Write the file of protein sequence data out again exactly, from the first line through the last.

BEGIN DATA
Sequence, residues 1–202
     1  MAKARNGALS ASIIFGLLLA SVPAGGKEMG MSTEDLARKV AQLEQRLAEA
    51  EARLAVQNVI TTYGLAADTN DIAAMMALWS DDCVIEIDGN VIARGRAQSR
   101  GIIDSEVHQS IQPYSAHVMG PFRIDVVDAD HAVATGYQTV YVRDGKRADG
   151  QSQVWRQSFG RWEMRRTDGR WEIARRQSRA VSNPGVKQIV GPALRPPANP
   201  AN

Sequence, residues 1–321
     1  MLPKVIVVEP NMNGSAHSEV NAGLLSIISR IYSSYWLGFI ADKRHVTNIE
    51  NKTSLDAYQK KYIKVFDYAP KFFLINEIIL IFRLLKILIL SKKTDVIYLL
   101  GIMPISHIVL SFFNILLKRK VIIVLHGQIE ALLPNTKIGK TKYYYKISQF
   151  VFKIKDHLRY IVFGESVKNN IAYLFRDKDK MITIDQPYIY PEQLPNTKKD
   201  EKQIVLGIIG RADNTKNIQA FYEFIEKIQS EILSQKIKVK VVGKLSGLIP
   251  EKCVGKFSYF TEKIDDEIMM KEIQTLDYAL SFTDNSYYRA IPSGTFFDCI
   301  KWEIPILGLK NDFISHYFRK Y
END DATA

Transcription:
Sequence, residues 1–202
     1  MAKARNGALS ASIIFGLLLA SVPAGGKEMG MSTEDLARKV AQLEQRLAEA
    51  EARLAVQNVI TTYGLAADTN DIAAMMALWS DDCVIEIDGN VIARGRAQSR
   101  GIIDSEVHQS IQPYSAHVMG PFRIDVVDAD HAVATGYQTV YVRDGKRADG
   151  QSQVWRQSFG RWEMRRTDGR WEIARRQSRA VSNPGVKQIV GPALRPPANP
   201  AN

Sequence, residues 1–321
     1  MLPKVIVVEP NMNGSAHSEV NAGLLSIISR IYSSYWLGFI ADKRHVTNIE
    51  NKTSLDAYQK KYIKVFDYAP KFFLINEIIL IFRLLKILIL SKKTDVIYLL
   101  GIMPISHIVL SFFNILLKRK VIIVLHGQIE ALLPNTKIGK TKYYYKISQF
   151  VFKIKDHLRY IVFGESVKNN IAYLFRDKDK MITIDQPYIY PEQLPNTKKD
   201  EKQIVLGIIG RADNTKNIQA FYEFIEKIQS EILSQKIKVK VVGKLSGLIP
   251  EKCVGKFSYF TEKIDDEIMM KEIQTLDYAL SFTDNSYYRA IPSGTFFDCI
   301  KWEIPILGLK NDFISHYFRK Y